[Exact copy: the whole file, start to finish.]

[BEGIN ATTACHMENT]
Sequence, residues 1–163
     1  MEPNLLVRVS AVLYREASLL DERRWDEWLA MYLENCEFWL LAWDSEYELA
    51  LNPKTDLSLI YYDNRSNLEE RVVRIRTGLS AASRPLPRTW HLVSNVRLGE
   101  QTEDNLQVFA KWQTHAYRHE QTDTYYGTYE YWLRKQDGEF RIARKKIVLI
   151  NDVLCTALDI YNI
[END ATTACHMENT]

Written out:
Sequence, residues 1–163
     1  MEPNLLVRVS AVLYREASLL DERRWDEWLA MYLENCEFWL LAWDSEYELA
    51  LNPKTDLSLI YYDNRSNLEE RVVRIRTGLS AASRPLPRTW HLVSNVRLGE
   101  QTEDNLQVFA KWQTHAYRHE QTDTYYGTYE YWLRKQDGEF RIARKKIVLI
   151  NDVLCTALDI YNI